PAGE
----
Iraq Privatizing Air Traffic Control and Wyoming Tourism Fails Econ 101

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About Gary Leff

Gary Leff is one of the foremost experts in the field of miles, points, and frequent business travel - a topic he has covered since 2002. Co-founder of frequent flyer community InsideFlyer.com, emcee of the Freddie Awards, and named one of the "World's Top Travel Experts" by Conde' Nast Traveler (2010-Present) Gary has been a guest on most major news media, profiled in several top print publications, and published broadly on the topic of consumer loyalty. More About Gary »

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Comments

  1. “When you tax something you get less of it…” is not an Econ 101 concept. It’s not even an accurate concept. Taxing an activity may have a depressant effect on that activity, but it may also boost the activity if the revenues are reinvested and produce a positive return. That’s certainly Wyoming’s intent here. Whether or not they pull it off remains to be seen, but it’s lazy to look at the levy without considering how the revenue is spent as well.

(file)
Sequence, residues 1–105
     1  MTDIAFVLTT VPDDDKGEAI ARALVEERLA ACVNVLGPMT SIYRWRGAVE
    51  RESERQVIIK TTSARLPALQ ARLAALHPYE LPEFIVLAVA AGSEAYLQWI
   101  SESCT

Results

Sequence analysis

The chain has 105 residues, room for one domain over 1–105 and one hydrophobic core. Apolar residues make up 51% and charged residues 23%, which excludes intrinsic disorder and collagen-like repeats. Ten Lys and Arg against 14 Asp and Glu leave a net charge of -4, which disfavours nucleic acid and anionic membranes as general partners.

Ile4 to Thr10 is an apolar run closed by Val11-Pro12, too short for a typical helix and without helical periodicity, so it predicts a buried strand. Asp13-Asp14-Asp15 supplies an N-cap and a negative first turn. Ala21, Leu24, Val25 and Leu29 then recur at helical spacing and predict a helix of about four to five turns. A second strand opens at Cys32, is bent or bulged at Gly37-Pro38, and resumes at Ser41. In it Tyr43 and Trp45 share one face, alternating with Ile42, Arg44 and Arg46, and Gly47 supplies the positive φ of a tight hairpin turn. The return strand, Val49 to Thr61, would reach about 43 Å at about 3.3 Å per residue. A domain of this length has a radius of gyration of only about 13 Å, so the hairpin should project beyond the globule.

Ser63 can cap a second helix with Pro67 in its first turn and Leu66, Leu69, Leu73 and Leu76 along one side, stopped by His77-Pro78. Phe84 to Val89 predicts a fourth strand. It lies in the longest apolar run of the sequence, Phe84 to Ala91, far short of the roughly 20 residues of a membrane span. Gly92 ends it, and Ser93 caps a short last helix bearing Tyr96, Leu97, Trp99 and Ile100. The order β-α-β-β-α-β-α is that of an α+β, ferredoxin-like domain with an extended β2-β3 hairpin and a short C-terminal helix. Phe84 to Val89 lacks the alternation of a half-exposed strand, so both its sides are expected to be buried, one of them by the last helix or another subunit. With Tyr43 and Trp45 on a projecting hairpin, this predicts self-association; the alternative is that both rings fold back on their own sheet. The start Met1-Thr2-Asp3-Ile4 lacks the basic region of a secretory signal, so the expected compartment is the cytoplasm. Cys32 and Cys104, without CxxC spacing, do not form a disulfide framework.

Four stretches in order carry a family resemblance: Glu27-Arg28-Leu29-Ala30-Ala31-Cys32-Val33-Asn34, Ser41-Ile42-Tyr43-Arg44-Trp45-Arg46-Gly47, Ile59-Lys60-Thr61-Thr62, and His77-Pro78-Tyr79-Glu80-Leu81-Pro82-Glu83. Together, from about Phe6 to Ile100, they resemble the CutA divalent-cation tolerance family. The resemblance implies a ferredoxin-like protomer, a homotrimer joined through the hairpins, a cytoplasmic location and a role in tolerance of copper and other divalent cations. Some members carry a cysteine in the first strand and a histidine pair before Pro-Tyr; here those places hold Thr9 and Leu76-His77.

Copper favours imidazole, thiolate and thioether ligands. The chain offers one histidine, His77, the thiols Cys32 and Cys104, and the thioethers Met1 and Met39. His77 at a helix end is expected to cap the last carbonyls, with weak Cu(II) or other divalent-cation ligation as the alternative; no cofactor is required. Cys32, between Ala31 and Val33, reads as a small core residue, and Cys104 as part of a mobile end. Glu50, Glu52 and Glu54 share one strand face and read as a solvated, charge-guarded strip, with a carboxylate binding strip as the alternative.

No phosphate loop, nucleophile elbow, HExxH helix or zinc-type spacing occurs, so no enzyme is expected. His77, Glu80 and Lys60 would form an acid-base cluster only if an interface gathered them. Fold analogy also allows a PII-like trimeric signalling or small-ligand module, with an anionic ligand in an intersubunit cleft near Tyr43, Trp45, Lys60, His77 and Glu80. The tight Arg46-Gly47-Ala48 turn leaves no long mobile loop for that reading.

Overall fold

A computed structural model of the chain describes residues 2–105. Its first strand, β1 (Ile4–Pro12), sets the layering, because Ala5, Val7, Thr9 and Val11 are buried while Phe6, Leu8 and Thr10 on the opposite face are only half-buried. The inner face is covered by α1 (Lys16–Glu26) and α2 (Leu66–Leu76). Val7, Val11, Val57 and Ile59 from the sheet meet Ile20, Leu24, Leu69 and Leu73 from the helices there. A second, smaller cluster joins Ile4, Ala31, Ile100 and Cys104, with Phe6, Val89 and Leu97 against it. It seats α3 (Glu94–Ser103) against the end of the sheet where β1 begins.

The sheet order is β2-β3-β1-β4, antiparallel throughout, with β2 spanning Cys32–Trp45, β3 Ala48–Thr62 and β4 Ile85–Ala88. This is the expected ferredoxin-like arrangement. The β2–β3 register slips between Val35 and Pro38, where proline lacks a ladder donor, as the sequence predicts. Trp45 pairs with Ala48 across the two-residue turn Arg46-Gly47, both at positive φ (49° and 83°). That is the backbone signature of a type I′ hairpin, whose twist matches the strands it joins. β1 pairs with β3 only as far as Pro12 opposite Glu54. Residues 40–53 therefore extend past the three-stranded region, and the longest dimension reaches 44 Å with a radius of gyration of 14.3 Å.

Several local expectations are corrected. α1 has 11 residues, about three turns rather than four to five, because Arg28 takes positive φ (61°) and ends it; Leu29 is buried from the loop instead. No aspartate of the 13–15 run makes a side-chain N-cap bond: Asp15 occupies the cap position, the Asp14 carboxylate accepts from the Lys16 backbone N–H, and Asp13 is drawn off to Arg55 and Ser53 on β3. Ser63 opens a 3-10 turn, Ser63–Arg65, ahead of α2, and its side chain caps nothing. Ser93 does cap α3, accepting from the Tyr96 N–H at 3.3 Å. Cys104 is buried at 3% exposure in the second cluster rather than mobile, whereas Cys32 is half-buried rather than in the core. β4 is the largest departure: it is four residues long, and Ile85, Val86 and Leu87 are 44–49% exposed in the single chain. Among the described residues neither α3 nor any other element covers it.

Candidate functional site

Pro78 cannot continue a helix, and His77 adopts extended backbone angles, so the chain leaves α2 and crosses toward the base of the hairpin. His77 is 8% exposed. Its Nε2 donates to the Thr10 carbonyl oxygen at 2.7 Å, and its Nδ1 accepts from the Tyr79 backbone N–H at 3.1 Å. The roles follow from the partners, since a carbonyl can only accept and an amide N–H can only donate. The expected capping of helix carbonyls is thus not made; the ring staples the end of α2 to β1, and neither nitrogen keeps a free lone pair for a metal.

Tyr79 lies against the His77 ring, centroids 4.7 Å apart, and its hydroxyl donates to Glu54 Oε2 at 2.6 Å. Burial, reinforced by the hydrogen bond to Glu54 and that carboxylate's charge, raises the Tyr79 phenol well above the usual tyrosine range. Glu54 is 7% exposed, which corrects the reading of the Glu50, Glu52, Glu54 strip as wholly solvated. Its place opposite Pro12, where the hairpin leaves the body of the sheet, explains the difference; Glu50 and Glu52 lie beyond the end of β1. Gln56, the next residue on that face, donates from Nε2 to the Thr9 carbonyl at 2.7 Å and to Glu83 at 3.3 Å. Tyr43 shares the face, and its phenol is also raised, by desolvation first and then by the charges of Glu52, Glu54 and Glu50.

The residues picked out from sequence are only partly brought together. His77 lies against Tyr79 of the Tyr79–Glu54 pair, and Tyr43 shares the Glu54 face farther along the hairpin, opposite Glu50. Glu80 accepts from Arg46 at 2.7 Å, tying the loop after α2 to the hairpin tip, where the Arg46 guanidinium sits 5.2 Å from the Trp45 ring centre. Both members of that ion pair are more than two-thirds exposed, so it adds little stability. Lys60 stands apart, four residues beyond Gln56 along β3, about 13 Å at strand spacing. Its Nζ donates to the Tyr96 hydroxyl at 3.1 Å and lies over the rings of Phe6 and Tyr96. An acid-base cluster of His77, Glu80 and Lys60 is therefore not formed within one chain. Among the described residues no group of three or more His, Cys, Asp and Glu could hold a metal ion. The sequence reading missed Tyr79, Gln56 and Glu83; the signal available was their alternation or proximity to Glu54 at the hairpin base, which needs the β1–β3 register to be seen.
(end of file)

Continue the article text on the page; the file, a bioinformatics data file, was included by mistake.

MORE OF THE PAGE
2. @Ben L this isn’t a detailed discussion, ceteris paribus it’s absolutely accurate Econ 101, it’s hypothetically imaginable that there’s very low hanging fruit where a small amount of revenue could be spent to generate huge tourism dollars. That doesn’t happen often in the real world.

  3. Gary, sure, holding all other factors equal, a tax increase on tourism will decrease total tourism. But spending that tax revenue on marketing (as the article states) and expecting a positive return on investment isn’t a stretch, it’s the foundation of the entire marketing industry. Marketing for products is paid for by revenue generated by the sale of that product, which increases the cost of the product, just like this proposed tax. If marketing didn’t work it wouldn’t exist.

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